Participant notices - Sponsors must also send certain notices and fee disclosures to participants annually to keep them informed about the plan's features so they can make informed decisions. Additionally, though not legally required, many sponsors provide education to help employees better understand the benefits of plan participation. If you do, please keep records.
Plan Audits Plan audits - Should usually be performed by an independent auditor separate from the accountant that prepares the plan sponsor’s corporate tax return. Your accountant may have a recommendation for a qualified auditor. One way to assess your auditor’s skills is to validate that your plan auditor is a member of the American Institute of CPAs’ Employee Benefit Plan Audit Quality Center. Vestwell provides certain audit assistance at no additional charge.
Meet more than once annually - Meeting one time each year isn’t enough; the plan committee should meet regularly to talk about annual plan-related fees, investment monitoring, and plan benchmarks, as well as to review the level of the plan’s fidelity bond.
Keep meeting minutes - One of the easiest ways to demonstrate sound decision-making is to keep diligent minutes of each committee meeting identifying which members were present, what information was discussed, any decisions made, and the resulting actions. Begin each meeting by reviewing minutes and action items from the previous meeting.
Review fiduciary liability insurance and fidelity bond - ERISA mandates that fiduciaries can be held personally liable for losses to a retirement plan incurred due to their alleged errors or omissions or breach of their fiduciary duties. Fiduciary liability insurance helps protect against fiduciary-related claims of mismanagement of a company’s employee benefit plans. While not a substitute for a sound fiduciary process, insurance can help cover the legal expenses of defending against breach of fiduciary duty claims, as well as the financial losses the plan may have incurred due to errors, omissions, or breach of fiduciary duty. ERISA also requires that a fidelity bond must cover anyone who handles plan assets. You can obtain both types of coverage from an insurance broker, and you can apply for a fidelity bond through the Vestwell Platform.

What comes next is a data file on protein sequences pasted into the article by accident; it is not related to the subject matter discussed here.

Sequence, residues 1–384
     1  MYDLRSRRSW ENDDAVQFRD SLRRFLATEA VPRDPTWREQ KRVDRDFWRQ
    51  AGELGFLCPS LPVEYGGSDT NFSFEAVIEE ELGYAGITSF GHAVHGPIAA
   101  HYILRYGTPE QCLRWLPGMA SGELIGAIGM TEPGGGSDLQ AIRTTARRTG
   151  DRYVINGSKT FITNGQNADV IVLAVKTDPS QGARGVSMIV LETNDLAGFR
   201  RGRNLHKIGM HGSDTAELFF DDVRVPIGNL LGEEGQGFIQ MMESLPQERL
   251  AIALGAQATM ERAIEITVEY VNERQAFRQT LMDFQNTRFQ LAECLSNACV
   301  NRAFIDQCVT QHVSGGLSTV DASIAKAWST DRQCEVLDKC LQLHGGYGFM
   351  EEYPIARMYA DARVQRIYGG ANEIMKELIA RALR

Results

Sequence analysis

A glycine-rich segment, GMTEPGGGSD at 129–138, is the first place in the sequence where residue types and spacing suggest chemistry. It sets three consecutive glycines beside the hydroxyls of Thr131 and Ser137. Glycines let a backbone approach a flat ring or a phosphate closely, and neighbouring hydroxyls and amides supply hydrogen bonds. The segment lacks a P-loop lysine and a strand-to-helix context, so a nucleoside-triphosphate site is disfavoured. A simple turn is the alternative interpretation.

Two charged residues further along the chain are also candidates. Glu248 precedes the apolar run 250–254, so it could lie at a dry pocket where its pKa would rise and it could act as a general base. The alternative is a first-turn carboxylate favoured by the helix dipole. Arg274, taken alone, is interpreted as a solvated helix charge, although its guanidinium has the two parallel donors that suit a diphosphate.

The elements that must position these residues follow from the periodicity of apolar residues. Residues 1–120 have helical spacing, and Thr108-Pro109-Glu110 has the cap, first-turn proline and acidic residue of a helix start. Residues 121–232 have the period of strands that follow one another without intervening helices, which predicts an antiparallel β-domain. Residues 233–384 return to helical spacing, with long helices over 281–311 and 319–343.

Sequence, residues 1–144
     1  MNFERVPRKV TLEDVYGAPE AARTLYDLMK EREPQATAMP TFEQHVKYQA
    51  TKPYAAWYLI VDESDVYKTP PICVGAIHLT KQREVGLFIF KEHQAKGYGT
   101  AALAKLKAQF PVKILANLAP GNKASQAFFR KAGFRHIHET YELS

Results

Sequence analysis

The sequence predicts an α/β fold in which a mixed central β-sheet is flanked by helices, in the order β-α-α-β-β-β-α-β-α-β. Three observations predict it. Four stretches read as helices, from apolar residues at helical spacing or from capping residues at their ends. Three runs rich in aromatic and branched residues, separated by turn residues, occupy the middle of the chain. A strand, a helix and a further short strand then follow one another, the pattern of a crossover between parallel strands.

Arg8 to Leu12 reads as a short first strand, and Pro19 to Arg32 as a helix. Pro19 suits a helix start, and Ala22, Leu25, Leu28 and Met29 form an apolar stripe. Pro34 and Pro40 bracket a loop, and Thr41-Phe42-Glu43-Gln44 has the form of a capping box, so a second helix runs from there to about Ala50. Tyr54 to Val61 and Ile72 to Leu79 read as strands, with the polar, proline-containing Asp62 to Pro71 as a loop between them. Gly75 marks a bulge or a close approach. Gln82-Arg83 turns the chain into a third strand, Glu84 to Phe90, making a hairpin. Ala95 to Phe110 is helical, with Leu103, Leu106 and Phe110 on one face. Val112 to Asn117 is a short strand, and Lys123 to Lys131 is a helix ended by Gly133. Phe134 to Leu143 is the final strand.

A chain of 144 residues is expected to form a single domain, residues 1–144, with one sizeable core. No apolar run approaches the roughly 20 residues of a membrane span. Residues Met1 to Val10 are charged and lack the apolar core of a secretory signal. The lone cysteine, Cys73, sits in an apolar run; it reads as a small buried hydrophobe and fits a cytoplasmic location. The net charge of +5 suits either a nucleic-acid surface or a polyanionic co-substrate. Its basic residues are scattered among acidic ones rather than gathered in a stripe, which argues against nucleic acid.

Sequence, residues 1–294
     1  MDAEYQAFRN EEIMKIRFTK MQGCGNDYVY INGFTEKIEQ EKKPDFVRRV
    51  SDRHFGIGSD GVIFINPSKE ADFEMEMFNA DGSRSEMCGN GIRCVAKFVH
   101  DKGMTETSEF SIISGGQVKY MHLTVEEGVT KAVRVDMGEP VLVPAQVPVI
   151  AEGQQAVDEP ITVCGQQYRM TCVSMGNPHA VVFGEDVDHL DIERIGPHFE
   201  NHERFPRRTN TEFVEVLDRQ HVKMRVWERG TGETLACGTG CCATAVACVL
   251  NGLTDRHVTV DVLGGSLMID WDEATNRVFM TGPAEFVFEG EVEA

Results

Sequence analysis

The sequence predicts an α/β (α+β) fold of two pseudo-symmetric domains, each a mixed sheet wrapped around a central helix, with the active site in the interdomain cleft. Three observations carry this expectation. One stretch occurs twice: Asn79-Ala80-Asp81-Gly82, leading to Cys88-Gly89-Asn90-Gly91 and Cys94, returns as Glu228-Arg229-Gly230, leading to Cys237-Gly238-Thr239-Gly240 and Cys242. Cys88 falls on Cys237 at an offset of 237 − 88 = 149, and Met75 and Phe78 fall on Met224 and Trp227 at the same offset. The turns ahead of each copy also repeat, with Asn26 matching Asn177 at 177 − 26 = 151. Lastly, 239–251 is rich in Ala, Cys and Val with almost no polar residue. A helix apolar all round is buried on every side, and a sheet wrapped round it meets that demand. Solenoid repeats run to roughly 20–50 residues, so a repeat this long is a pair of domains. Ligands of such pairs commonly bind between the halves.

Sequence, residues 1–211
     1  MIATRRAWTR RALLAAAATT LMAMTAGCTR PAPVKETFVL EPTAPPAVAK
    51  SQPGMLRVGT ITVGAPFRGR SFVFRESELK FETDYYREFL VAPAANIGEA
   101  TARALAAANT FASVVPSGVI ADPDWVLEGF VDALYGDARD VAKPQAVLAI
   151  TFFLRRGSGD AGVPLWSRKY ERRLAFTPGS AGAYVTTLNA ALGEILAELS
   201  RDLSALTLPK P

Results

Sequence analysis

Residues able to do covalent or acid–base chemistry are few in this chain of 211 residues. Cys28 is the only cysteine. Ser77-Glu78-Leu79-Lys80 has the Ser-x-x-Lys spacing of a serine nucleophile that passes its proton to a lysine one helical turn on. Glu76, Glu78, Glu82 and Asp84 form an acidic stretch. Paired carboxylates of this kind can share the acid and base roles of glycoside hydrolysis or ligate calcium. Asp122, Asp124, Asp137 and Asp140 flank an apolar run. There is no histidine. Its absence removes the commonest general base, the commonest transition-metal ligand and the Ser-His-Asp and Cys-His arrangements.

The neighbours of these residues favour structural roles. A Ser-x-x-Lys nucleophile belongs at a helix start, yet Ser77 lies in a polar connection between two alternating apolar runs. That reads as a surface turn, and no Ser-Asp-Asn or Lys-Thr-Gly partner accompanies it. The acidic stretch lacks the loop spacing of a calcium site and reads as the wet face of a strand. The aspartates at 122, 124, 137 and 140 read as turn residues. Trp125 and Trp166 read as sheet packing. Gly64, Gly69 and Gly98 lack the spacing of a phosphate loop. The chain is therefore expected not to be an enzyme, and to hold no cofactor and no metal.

Monitor investments - Plan fiduciaries responsible for overseeing the plan's investment lineup should understand basics such as diversification, risk, share classes, and asset classes (including the difference between active and passive management). Even if you have an outside advisor, plan sponsors need to know enough to ask intelligent questions about recommendations advisors are making. You can find basic information about retirement and investments in the Employee Playbook. Committee members must also understand the plan's fees, including direct and indirect fees, revenue sharing, and other fee options. One way to do that is by performing a regular benchmarking comparison of all plan-related fees. To demonstrate the reasonableness of existing fees, periodically performing a request for proposal will demonstrate the committee has made a deep dive on evaluating various fee-for-service models available to the plan.
The Importance of Meeting Minutes Retirement plan committees often fail to take minutes either because the company doesn’t have a formal retirement committee, so no meetings take place, or there is “technically” a retirement committee, but it meets on an inconsistent basis and when it does meet there is no clearly defined structure or format. Sometimes the committee doesn’t understand the importance of taking minutes, and none of its service providers have recommended it (which generally means they are not working with specialists or the right partners). A failure to take minutes is evidence of a poorly constructed fiduciary governance process and can lead to bad outcomes in the event of ERISA litigation.
New laws, updated regulations, and court decisions may change what fiduciaries are legally required to do. Plan fiduciaries should constantly monitor developments in the law and stay current about what regulators look for when conducting plan audits since what is legally permissible and appropriate today might not be a few years from now. Vestwell provides ongoing education for plan sponsors to understand their fiduciary duties, to keep sponsors current about important legislative and legal changes, as well as key plan deadlines to help you stay compliant.